Honor our homeless vets by providing them housing!

Homeless vet holding sign asking for helpWar & Peace. Some say that to appreciate the benefits of peace, one must first understand the horrors of war. Sixteen years into the 21st Century, I think we have had enough war and conflict; we need more peace. I am grateful for those who choose to serve our country through military service.

On this Memorial Day, it is important that we take time to remember and honor all who have died protecting our nation’s security and the freedoms we expect and rely upon each and every day. And it is time to increase our national commitment to honor homeless vets by providing them with housing.

Today is the first Memorial Day Holiday since our role in the war in Afghanistan ended, a 13-year-long war where over 2,200 US military women and men were killed. When we honor our military, it is also important to lift up their families for whom this holiday is a time of painful grieving.

Veterans and their families have earned a special place in our community, yet we as a society fail them too often – ignoring the many traumas of war and the unique needs of veterans and their families for support post their service on the battlefields.

One important measure of our success in supporting veterans is meeting our commitment that “every veteran who has fought for American has a home in America.

We are making progress toward the national goal to ensure that all veterans and their families have a home, yet on this Memorial Day, there are still over 50,000 homeless veterans in the United States whose live are defined by living on the streets, in shelters or in transitional housing. It is unacceptable that in our own King County community, there are over 675 veterans who are homeless

So when we remember, honor and celebrate our veterans who have died in service to our country, let’s also remember our veterans who have served, come back to the United States, and who need and deserve our gratitude and a home.

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State’s leading anti-poverty advocate retires

If you’ve spent much time in the corridors of power around Olympia, you’ve no doubt heard The Laugh. It is disarmingly loud, boisterous and endearing. When Tony Lee unleashes, his laughter cascades over and through everything in its way. Perhaps it’s a secret to his success.

Tony!

Tony!

For nearly three decades, the last 19 years as Advocacy Director at Solid Ground, Tony has been the state’s leading lobbyist on issues impacting poor people. With his retirement this week, he steps out of the limelight to spend more time with his family.

Well known for his affable manner, keen analytical mind, and passionate commitment, Tony has had his hand in the creation and protection of many state policies that promote equity and equal opportunity for people living on low incomes in Washington State.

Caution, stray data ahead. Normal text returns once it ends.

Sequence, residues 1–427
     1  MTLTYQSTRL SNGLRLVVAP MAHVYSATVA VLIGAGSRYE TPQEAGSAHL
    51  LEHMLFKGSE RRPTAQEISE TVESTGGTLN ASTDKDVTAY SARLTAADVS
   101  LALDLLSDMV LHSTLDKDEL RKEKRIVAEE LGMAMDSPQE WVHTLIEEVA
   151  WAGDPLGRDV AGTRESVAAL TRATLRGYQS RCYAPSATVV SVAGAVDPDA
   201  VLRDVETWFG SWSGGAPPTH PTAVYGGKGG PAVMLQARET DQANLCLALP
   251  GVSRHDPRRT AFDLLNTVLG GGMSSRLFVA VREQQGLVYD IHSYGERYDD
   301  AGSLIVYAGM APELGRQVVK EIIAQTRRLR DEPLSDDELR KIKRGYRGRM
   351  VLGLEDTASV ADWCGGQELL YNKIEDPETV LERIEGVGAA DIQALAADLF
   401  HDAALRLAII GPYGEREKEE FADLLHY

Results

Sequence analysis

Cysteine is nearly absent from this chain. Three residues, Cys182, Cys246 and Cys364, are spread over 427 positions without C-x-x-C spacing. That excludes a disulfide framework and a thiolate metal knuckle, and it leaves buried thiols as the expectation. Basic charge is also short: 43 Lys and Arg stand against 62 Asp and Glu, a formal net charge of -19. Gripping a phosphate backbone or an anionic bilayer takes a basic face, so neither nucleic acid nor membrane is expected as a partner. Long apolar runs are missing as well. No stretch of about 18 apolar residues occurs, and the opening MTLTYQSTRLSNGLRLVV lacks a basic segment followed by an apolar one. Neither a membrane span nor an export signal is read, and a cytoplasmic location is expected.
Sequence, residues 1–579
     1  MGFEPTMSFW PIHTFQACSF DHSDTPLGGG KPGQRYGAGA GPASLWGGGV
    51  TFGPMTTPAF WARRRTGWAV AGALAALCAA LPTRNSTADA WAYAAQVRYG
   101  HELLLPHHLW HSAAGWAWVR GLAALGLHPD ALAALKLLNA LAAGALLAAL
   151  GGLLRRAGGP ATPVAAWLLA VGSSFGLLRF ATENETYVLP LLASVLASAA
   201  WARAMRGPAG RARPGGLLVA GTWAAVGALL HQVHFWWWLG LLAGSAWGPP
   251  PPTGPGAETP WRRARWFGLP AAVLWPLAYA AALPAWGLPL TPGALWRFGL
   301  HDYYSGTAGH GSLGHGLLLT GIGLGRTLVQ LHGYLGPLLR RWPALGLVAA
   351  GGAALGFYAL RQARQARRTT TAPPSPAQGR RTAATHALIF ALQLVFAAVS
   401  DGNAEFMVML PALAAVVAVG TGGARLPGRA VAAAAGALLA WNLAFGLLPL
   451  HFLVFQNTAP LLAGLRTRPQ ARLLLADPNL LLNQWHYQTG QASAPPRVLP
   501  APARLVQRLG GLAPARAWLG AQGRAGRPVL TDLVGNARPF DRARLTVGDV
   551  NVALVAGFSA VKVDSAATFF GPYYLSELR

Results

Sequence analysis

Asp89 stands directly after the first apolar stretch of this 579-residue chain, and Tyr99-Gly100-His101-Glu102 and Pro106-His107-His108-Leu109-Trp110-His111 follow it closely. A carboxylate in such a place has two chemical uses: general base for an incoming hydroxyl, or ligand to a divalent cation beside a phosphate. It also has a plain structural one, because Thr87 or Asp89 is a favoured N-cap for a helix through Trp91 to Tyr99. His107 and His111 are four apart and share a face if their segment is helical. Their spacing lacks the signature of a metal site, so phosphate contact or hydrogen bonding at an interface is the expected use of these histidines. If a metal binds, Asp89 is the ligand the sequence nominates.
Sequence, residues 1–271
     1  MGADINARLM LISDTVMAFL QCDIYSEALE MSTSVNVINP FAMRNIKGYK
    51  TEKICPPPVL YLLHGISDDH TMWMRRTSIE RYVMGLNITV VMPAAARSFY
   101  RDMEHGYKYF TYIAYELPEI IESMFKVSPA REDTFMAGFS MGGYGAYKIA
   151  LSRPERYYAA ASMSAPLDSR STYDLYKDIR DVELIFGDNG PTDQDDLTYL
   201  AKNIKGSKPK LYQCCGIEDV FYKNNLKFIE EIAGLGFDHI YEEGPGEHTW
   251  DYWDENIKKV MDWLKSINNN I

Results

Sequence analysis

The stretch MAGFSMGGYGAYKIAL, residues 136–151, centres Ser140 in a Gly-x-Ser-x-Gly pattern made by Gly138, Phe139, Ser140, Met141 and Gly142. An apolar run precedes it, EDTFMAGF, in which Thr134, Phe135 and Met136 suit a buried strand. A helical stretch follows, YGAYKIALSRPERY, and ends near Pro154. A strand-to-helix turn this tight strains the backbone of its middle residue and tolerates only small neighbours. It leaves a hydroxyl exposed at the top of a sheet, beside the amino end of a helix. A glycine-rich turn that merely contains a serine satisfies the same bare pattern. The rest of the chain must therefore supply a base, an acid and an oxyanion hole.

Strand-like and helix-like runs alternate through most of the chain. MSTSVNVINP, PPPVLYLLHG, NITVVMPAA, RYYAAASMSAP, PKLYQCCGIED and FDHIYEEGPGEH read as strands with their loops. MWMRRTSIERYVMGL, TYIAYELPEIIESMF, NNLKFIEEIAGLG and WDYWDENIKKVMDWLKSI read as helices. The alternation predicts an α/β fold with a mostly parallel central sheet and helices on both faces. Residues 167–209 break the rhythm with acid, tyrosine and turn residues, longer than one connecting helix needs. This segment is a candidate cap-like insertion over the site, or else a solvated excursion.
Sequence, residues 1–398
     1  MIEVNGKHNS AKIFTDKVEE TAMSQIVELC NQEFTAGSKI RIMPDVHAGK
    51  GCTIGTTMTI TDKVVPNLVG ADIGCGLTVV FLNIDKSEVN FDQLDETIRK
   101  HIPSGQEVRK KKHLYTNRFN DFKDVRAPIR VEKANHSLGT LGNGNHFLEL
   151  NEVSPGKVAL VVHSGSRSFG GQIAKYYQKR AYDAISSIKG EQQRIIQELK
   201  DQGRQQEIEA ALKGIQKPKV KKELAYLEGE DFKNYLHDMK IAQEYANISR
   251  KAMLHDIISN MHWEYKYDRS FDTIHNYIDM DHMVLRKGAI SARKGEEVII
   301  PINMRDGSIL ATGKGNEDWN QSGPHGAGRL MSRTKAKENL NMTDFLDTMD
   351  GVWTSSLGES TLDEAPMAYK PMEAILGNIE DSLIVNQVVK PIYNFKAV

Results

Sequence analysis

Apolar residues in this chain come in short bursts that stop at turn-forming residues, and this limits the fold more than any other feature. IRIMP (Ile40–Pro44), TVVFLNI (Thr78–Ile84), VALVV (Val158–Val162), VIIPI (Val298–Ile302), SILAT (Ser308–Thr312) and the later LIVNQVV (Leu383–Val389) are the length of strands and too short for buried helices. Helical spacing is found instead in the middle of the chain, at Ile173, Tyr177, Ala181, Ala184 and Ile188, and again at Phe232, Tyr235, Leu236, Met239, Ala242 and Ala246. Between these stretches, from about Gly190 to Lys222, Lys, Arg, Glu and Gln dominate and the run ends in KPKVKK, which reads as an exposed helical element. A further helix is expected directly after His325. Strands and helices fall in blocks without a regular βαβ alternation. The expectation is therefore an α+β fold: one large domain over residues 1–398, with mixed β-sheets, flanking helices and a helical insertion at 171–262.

For instance, he was a driving force behind the creation of the state’s Food Assistance Program, which extended food benefits to tens of thousands of legal immigrants who were excluded from food stamp eligibility.

“Tony Lee is a really special human being, with a huge laugh, and huge heart and brains to go along with it, all of which are put to the service of improving and saving the lives of the most vulnerable people in our state,” says Diane Narasaki, Executive Director, Asian Counseling and Referral Service.

An immigrant who earned a law degree, Tony abandoned the practice of  law to spend the bulk of his career as an advocate, working to make laws more just.

“Everyday people of color face discrimination in the housing market, in lending practices, in our school system,” Tony says. “Not intentional perhaps, but the impacts are there. That is really one of the big reasons I’ve done what I’ve done.”

“Tony Lee is the conscience of Washington State when it comes to helping poor people,” says Frank Chopp, Speaker of the Washington State House of Representatives.

Tony defers, crediting the people he represents: “I speak with more credibility when I can say ‘our agency sees people in need and here are the needs we see.’ ”

Through his work with Evergreen Legal Services, the Washington Association of Churches and Solid Ground, Tony has been a leader in multi-racial organizing and advocacy that resulted in progress on issues spanning welfare reform, food security, housing and the achievement gap in education. He worked as Solid Ground’s Advocacy Director from August 1995 through September 2014. Tony was a founding member of the Statewide Poverty Action Network in 1996 and played an essential role in its development and direction.

Tony will continue to serve as Solid Ground’s Advocacy Senior Fellow, supporting Solid Ground’s Board, CEO, Advocacy Department and the Statewide Poverty Action Network on public policy issues pertaining to education, basic needs programs, and funding for health and human services, including programs serving refugees and immigrants.

Tony, thanks for your commitment, your passion and your laugh. The world is a better place because of you.

For more on what Tony Is

 

 

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